The US Department of Labor has lots of great ladder safety tips on its website. Here are a couple of tips from the site:


  • Non-self-supporting ladders, extension ladders or other ladders that must lean against a wall or other support, are to be positioned so the horizontal distance from the top support to the foot of the ladder is about 14 the working length of the ladder.
  • For job-made wooden ladders, that angle should equal about 18 the working length to minimize the strain of the load on ladder joints that may not be as strong as on commercially manufactured ladders.


  • Ladder rungs, cleats, or steps must be parallel, level, and uniformly spaced when the ladder is in position for use. Rungs must be spaced between 10″-14″ inches apart.
  • For extension trestle ladders, the spacing must be 8″-18″ inches for the base, and 6″-12″ inches on the extension section.
  • Rungs must be skid-resistant and so shaped so feet cannot slide off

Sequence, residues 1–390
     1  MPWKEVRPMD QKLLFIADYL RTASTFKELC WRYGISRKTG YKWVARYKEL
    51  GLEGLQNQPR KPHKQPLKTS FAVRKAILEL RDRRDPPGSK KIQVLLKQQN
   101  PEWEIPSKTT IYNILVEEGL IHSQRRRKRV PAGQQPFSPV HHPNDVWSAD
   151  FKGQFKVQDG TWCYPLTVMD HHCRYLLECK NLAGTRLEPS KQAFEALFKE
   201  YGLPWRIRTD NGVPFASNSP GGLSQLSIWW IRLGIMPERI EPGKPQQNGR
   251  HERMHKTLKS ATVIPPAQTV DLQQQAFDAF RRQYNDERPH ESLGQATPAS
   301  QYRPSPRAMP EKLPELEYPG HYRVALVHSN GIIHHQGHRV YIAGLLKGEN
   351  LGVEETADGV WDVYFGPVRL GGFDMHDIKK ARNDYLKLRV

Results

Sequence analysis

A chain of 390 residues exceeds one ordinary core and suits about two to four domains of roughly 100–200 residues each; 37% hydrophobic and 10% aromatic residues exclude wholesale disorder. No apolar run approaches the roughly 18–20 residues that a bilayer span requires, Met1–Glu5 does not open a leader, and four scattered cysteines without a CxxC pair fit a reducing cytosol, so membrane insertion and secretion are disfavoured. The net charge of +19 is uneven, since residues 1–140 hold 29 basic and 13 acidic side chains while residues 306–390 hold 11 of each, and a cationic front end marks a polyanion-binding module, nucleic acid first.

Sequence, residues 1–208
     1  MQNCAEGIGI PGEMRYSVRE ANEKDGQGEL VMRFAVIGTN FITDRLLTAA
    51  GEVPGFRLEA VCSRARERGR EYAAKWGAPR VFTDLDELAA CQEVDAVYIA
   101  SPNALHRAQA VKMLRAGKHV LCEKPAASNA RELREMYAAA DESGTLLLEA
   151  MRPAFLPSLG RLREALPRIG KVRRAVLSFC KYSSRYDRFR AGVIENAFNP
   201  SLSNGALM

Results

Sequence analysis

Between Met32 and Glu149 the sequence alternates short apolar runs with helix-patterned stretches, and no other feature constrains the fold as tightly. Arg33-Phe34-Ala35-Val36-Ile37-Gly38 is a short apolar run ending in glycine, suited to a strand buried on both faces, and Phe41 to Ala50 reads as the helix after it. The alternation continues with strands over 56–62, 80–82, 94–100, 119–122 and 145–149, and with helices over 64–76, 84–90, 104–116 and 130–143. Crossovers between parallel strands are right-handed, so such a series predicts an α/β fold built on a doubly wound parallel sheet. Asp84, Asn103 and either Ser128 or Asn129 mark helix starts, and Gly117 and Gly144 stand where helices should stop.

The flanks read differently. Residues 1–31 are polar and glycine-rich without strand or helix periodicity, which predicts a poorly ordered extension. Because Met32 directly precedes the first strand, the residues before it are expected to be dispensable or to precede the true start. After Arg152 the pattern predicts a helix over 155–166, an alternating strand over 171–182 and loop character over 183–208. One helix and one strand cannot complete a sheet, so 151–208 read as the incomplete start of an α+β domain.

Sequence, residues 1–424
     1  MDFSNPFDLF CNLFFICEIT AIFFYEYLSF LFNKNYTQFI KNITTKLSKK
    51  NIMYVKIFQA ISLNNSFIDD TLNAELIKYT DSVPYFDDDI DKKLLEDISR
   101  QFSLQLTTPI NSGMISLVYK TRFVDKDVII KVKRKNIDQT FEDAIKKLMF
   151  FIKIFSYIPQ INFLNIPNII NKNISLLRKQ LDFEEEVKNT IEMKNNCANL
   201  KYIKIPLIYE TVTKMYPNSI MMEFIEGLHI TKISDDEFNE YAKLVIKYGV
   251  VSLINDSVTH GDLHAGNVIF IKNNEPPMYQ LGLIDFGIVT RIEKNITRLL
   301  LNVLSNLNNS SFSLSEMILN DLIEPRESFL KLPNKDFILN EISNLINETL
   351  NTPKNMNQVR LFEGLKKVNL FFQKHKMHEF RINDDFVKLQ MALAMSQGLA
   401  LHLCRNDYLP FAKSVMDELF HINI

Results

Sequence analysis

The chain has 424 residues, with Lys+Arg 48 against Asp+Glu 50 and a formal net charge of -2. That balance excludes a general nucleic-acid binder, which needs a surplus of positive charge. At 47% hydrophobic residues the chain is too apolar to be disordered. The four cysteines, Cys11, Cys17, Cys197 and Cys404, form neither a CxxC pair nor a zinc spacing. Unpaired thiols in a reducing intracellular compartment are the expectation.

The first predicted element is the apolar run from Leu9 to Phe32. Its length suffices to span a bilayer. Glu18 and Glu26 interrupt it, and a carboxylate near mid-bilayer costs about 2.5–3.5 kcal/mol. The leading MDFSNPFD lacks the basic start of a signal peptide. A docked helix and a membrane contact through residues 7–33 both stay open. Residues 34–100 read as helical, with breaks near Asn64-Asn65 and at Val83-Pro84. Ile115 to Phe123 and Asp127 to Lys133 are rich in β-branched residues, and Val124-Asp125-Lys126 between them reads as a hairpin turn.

• Keep laddrs free of oil, grease, wet paint, and other slipping hazards.
  • Wood ladders must not be coated with any opaque covering, except identification or warning labels on one  side rail.

Other Requirements

  • Foldout or stepladders must have a metal spreader or locking device to hold the front and back sections in an open position when in use.
  • When two or more ladders are used to reach a work area, they must be offset with a landing or platform between the ladders.
  • The area around the top and bottom of ladder must be kept clear.
  • Ladders must not be tied or fastened together to provide longer sections, unless they are specifically designed for such use.
  • Never use a ladder for any purpose other than the one for which it was designed